The Night Beyond the Tricornered Window continues not to be impressive but remains watchable with moments of intrigue and some potentially good ideas to be explored moving forward. Basically, of the 10 shows I’m doing episodic reviews for, this anime would be pretty much middle of the pack in terms of weekly enjoyment and so I can honestly say I was pretty happy this week largely due to reasonable expectations of what this anime can actually deliver.
Anyway, episode 7 addresses the issue of Erika having cursed Hanzawa’s wife at the end of episode 6 and in the process manages to bring Erika and her Yakuza bodyguard, Sakaki, together with Mikado. From there Hiyakawa is drawn in and finally Mikado brings Keita into the group at the end of the episode. Though given most of the group don’t seem to want to be there it will be interesting to see how long this little team manages to last.
The Night Beyond the Tricornered Window seems to be finding a focus.
There were a couple of points along the way in this episode that stood out to me.
The first was Mikado himself. Having been dragged along by Hiyakawa and more or less everyone else, episode 7 sees him making his own choices and for once dragging others along with his decisions and goals. This is a far more proactive Mikado than we’ve seen before and while he isn’t overflowing with confidence he is willing to stand by his decisions. Whether it was refusing to share information about Erika to Hanzawa, convincing Erika to undo what she had done to Hanzawa’s wife, or convincing Hiyakawa to work with the others at the end, Mikado was definitely getting his own way in this episode of The Night Beyond the Tricornered Window.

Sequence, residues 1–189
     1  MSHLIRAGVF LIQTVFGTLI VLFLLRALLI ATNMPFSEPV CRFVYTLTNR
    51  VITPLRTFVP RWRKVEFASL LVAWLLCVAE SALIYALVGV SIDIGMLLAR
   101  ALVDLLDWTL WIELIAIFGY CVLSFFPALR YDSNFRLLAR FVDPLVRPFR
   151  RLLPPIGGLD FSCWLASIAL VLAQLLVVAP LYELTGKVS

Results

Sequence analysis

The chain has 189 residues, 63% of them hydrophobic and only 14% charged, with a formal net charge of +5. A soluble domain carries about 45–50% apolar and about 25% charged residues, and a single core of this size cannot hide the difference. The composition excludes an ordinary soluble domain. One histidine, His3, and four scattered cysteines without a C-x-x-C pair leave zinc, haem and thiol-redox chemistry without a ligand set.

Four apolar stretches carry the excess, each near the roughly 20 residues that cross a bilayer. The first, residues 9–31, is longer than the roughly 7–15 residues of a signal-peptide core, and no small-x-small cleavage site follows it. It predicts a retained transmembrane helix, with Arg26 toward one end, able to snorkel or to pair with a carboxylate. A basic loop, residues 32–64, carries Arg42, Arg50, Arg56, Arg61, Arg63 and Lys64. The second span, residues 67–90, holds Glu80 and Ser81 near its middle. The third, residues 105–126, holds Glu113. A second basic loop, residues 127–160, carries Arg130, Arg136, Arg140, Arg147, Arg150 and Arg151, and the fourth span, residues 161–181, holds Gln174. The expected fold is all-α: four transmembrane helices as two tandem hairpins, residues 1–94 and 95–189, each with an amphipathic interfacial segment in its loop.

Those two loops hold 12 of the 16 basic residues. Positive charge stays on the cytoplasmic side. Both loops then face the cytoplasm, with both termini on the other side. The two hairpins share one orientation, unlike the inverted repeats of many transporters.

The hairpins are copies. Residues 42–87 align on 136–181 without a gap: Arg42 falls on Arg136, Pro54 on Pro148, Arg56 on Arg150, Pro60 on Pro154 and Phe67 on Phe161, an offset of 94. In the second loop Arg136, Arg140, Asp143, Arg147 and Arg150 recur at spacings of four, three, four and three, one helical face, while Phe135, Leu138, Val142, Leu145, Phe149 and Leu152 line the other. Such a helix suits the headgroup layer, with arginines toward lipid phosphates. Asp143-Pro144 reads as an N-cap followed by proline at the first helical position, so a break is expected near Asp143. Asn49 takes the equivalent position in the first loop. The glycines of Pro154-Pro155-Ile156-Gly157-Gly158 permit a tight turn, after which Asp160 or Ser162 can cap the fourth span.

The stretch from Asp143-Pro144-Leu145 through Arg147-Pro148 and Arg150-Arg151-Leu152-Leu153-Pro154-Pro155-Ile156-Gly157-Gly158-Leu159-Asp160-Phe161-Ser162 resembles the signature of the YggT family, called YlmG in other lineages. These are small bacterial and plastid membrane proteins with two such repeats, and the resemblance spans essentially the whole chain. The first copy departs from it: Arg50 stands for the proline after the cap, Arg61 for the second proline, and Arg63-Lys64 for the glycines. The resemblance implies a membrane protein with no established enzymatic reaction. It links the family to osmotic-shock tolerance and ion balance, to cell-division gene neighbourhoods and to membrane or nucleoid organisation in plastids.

You’ll notice in the image above that for once Mikado has grabbed onto Hiyakawa and though he is the shorter of the two he’s holding Hiyakawa’s gaze. While the sequence transitions to them having a more neutral holding of arms before it ends up with Hiyakawa holding onto Mikado’s hand, this is a step away from early episodes where all contact was one way from Hiyakawa toward Mikado.
Still with Mikado, I don’t recall him wearing his glasses during this episode of The Night Beyond the Tricornered Window. They are always with him but unlike previous episodes where he would wear his glasses most of the time and only occasionally remove them, now in almost every scene he’s looking at the world without his glasses. That’s an interesting character transition.
We then have Erika who really is kind of stuck. The things she’s doing and has done are horrible. And not all of them were things she was forced to do. She admitted herself that the girl at school was just a bonus and there was little reason to inflict a curse on Hanzawa’s wife. Still, she’s sixteen years old and not being protected by her family. You can kind of understand why she’s a bit messed up.
And so The Night Beyond the Tricornered Window brings all the pieces together. With Erika now caught by the new leader of the research society that was once lead by Hiyakawa’s mother prior to the ‘mass suicide’. It is highly likely (though not confirmed) that the new leader is Mikado’s missing father. The Yakuza guy can’t let Erika go or he’ll be killed but he does want to help her so he’s all in. The only character who at this stage doesn’t seem to have a personal connection to the events is Keita but I’m sure there’s time for some convoluted explanation as to why he’s involved.
And so with five episodes remaining, I’m fairly sold on the current direction of The Night Beyond the Tricornered Window. Though if I were to compare this episode with earlier ones, I would say that the tone of this show seems to have settled a bit. Whether that ends up making it feel a little bit flat will depend on the viewer but honestly I think its better with less of the cringe worthy dialogue. That first episode was a little intense.
Images from: The Night Beyond the Tricornered Window. Dir. D Iwanaga. Zero-G. 2021.
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